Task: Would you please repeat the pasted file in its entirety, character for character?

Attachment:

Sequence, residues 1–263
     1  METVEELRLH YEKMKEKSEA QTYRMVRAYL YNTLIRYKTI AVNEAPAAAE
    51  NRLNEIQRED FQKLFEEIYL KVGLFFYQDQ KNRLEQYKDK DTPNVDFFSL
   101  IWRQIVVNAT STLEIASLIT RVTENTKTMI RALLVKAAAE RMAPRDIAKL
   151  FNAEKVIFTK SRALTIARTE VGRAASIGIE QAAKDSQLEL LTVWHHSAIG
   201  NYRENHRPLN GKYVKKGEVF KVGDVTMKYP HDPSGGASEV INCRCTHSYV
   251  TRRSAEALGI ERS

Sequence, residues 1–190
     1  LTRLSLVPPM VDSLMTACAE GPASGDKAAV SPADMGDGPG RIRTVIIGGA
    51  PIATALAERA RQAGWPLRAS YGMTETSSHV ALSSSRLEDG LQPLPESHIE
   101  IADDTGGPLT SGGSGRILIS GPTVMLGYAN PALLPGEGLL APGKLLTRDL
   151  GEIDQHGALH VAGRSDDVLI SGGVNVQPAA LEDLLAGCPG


Sequence, residues 1–263
     1  METVEELRLH YEKMKEKSEA QTYRMVRAYL YNTLIRYKTI AVNEAPAAAE
    51  NRLNEIQRED FQKLFEEIYL KVGLFFYQDQ KNRLEQYKDK DTPNVDFFSL
   101  IWRQIVVNAT STLEIASLIT RVTENTKTMI RALLVKAAAE RMAPRDIAKL
   151  FNAEKVIFTK SRALTIARTE VGRAASIGIE QAAKDSQLEL LTVWHHSAIG
   201  NYRENHRPLN GKYVKKGEVF KVGDVTMKYP HDPSGGASEV INCRCTHSYV
   251  TRRSAEALGI ERS

Sequence, residues 1–190
     1  LTRLSLVPPM VDSLMTACAE GPASGDKAAV SPADMGDGPG RIRTVIIGGA
    51  PIATALAERA RQAGWPLRAS YGMTETSSHV ALSSSRLEDG LQPLPESHIE
   101  IADDTGGPLT SGGSGRILIS GPTVMLGYAN PALLPGEGLL APGKLLTRDL
   151  GEIDQHGALH VAGRSDDVLI SGGVNVQPAA LEDLLAGCPG